Ian sadly died on 3rd April 2023. OWL Chairman, Adrian Owens gave the following eulogy at the celebration for Ian’s life at St James’, Westhead.
Ian Davis was my colleague in OWL, but much more than that, he was a dear friend. My path first crossed with Ian around 15 years ago, when his love for Tish brought him to Westhead from his native East Lancashire. He threw himself into local life in so many ways, from deputising for Father Christmas at the Christmas Fair to serving as a parish council clerk.
Ian had a strong moral compass, and so when, in 2014, the local Conservative group chose short term gain over doing the right thing, Ian was one of the three musketeers along with Cllr Jane Thompson and myself who launched Our West Lancashire in January 2015. He became a councillor in 2017 and three times, local residents placed their trust in Ian to represent them – and that trust was well placed. Ian brought his wealth of business and life experience to the role. He was an astute judge of character and as my deputy, his advice was always sound.
Ian was a native of East Lancashire and a keen Burnley supporter. In his younger years, he was a talented footballer playing centre forward and also played Lancashire League cricket.
Ian was a qualified accountant and continued to practice, never ‘hanging up his ledgers’. January was always a busy month as he dealt with dozens of self-assessment returns. I know he regularly helped out local residents with financial matters at reduced or no charge. His financial stewardship of Westhead Village Hall has transformed the community facility after it was threatened with closure, and the Hall will stand as a reminder of Ian and his talents for many years to come.
Ian was not one to blow his own trumpet, but Ian held senior roles in business including being a former Managing Director of a UK PLC, Thomas Robinson and Son who made flour milling machinery used locally here at Ainscough Mill in Burscough but also around the world. He travelled extensively globally in the role and to the City of London. Peter Baring from Barings bank was a personal friend of Ian’s.
When I used to pop around to Ian’s home, I’d find him sat in his office, also known as the kitchen table, with a pile of paper and on occasion Ian would recount one of his stories of the scrapes he got into on his international travel.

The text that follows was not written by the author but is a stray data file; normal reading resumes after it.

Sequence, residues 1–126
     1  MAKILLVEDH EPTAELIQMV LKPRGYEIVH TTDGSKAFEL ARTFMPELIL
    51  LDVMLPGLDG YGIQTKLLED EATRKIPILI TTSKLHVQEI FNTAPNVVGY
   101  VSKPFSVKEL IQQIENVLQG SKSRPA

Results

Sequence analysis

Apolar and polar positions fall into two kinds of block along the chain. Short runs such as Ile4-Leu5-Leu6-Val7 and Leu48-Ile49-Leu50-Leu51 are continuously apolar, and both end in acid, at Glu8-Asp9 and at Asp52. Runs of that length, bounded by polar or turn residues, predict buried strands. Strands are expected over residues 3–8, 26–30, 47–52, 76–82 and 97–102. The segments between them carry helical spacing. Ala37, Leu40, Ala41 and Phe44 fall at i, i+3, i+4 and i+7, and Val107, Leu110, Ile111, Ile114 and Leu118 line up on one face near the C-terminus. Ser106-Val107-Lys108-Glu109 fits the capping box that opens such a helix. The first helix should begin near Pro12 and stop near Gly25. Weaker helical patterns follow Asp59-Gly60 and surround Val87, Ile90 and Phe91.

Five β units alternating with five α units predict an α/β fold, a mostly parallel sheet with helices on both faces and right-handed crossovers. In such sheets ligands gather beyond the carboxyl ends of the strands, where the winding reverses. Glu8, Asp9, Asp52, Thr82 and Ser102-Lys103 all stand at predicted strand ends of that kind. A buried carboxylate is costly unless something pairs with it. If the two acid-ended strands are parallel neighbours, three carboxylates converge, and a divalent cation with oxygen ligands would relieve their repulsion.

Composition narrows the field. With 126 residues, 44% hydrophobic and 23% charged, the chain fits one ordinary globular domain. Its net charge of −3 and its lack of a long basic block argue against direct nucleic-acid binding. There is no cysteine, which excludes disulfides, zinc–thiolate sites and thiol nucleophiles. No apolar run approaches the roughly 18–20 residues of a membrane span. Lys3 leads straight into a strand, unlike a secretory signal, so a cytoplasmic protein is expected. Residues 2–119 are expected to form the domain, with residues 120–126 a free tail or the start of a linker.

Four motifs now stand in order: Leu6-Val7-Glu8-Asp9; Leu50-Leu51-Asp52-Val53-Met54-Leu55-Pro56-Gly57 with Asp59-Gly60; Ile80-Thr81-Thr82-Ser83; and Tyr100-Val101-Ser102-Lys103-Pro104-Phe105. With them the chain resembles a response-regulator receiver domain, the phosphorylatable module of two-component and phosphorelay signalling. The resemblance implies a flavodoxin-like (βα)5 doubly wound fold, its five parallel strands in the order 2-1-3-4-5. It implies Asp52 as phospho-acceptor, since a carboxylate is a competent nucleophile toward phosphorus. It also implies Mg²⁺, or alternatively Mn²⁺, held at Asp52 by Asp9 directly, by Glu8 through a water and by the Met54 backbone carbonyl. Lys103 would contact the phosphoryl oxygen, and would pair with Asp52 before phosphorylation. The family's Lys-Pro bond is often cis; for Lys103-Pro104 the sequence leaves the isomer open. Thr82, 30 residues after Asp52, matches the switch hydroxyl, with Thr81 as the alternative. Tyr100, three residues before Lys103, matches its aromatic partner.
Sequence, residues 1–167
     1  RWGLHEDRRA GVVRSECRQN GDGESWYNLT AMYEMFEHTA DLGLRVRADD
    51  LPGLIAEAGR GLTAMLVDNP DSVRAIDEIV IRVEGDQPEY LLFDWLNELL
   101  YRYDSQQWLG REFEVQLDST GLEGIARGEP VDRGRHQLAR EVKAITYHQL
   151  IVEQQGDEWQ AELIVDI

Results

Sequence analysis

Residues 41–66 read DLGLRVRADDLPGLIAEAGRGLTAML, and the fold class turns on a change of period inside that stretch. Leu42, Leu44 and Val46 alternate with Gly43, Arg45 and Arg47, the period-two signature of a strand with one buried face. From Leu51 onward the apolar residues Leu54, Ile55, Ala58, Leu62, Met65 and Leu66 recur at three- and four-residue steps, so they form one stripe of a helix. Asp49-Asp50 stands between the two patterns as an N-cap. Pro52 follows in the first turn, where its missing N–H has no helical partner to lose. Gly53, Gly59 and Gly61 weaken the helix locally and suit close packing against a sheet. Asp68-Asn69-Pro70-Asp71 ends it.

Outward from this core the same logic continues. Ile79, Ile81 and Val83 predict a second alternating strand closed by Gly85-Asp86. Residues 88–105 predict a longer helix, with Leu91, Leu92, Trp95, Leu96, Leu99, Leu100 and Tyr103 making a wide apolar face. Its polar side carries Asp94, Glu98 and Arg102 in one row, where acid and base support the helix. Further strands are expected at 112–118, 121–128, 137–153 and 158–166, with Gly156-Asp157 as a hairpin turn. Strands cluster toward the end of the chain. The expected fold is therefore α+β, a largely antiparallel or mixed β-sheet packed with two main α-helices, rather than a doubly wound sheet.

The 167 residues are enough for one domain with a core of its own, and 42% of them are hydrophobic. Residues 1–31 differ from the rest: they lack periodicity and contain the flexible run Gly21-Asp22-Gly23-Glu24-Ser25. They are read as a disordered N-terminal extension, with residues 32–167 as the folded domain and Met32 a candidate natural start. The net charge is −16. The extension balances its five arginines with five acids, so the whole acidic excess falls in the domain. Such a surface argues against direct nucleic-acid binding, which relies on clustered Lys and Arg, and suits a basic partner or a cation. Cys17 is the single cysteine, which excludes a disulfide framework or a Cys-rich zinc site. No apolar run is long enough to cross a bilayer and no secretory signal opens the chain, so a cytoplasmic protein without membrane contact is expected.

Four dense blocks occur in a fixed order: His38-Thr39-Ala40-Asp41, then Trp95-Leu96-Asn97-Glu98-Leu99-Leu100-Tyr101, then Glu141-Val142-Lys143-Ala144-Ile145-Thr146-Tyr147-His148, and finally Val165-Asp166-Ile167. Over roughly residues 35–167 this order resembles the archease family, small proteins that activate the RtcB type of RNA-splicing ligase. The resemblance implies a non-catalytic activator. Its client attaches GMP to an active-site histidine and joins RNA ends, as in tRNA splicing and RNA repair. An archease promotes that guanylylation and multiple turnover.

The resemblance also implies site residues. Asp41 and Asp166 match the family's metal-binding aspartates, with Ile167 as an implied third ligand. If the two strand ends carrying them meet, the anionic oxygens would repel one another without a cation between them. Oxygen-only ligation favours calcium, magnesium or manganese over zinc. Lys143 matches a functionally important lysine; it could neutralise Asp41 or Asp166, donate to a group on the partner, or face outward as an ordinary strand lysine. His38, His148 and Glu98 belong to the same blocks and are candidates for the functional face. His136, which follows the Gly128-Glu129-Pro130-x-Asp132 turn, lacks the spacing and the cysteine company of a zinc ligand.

There was the time he was on a flight and volcanic ash caused all the plane’s engines to stall and the plane began to plummet. Thankfully they managed to get an engine started and to make an emergency landing. Or the time in Nigeria just before Christmas one year when some Army Generals and Government bigwigs were struggling for a flight out for the holidays and so Ian and some other passengers were chucked off the plane at gunpoint. Desperate to get home for Christmas in true Chris Rea style, Ian managed to get a flight to Zurich and from there home to his family.
His tales of selling Robinson’s machinery in Iran are the best though. There would frequently be problems at the last minute getting paid but Ian had to make sure he came back with the goods – there were wages to pay each Friday in cash in those days.
He recounted the story of having to take payment in cash in a large variety of foreign currencies and bringing a suitcase filled with this cash back to Barclays Bank in Rochdale who when he opened the suitcase their panicked faces were such that they quickly rushed and locked the doors of the bank, closing the branch while they counted and deposited the cash into Robinson’s account.
Or the very best story, where the situation was so bad in Iran that after striking a deal and being at the airport about to fly home, he was tipped off by British Embassy staff that he and a colleague were about to be arrested on trumped up charges. He then had to hole up in the British embassy for two weeks. His colleague somehow managed to escape in the cargo hold of a plane, while Ian dressed up as a local and was driven in a jeep with armed guard several days overland to the Turkish border where he was promptly arrested and deported back to the UK. Apparently after that trip through the desert in the jeep he didn’t smell so good and no one wanted to sit next to him on the plane! On his return, he and his colleague were then interviewed and appeared on Brian Walden’s Sunday Current Affairs programme, Weekend World.
Such was the full life that Ian Davis led. I’ve received many condolences since Ian’s death and many have made the same comment. Ian was always cheerful or Ian was always smiling. Eleanor Roosevelt apparently said “Happiness is not a goal. It’s a by-product of a life well-lived.” And we can say that about Ian’s life – it was well lived. Rest in Peace, my friend.